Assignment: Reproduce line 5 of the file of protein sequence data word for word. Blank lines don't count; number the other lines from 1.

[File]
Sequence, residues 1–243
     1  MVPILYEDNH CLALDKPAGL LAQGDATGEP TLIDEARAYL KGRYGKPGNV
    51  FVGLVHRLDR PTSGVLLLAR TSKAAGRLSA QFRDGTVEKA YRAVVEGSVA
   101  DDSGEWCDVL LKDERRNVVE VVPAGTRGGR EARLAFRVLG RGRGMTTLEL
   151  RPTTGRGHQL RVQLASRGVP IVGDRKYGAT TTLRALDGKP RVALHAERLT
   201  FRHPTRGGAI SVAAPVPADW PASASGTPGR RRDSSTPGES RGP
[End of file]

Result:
   151  RPTTGRGHQL RVQLASRGVP IVGDRKYGAT TTLRALDGKP RVALHAERLT